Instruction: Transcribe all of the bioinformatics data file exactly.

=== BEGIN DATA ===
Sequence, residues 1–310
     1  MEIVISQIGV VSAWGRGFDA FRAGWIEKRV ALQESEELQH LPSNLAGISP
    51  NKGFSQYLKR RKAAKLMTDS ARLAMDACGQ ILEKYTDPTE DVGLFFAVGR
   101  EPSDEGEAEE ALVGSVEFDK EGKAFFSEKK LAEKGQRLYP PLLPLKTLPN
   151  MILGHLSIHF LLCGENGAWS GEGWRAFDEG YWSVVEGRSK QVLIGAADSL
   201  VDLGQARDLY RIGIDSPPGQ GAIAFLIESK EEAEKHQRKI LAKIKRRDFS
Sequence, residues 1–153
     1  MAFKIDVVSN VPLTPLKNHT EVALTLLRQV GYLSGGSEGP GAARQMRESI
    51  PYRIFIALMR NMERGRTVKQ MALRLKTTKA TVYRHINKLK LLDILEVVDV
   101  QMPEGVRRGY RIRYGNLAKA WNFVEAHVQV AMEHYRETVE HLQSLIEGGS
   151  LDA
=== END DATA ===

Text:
Sequence, residues 1–310
     1  MEIVISQIGV VSAWGRGFDA FRAGWIEKRV ALQESEELQH LPSNLAGISP
    51  NKGFSQYLKR RKAAKLMTDS ARLAMDACGQ ILEKYTDPTE DVGLFFAVGR
   101  EPSDEGEAEE ALVGSVEFDK EGKAFFSEKK LAEKGQRLYP PLLPLKTLPN
   151  MILGHLSIHF LLCGENGAWS GEGWRAFDEG YWSVVEGRSK QVLIGAADSL
   201  VDLGQARDLY RIGIDSPPGQ GAIAFLIESK EEAEKHQRKI LAKIKRRDFS
Sequence, residues 1–153
     1  MAFKIDVVSN VPLTPLKNHT EVALTLLRQV GYLSGGSEGP GAARQMRESI
    51  PYRIFIALMR NMERGRTVKQ MALRLKTTKA TVYRHINKLK LLDILEVVDV
   101  QMPEGVRRGY RIRYGNLAKA WNFVEAHVQV AMEHYRETVE HLQSLIEGGS
   151  LDA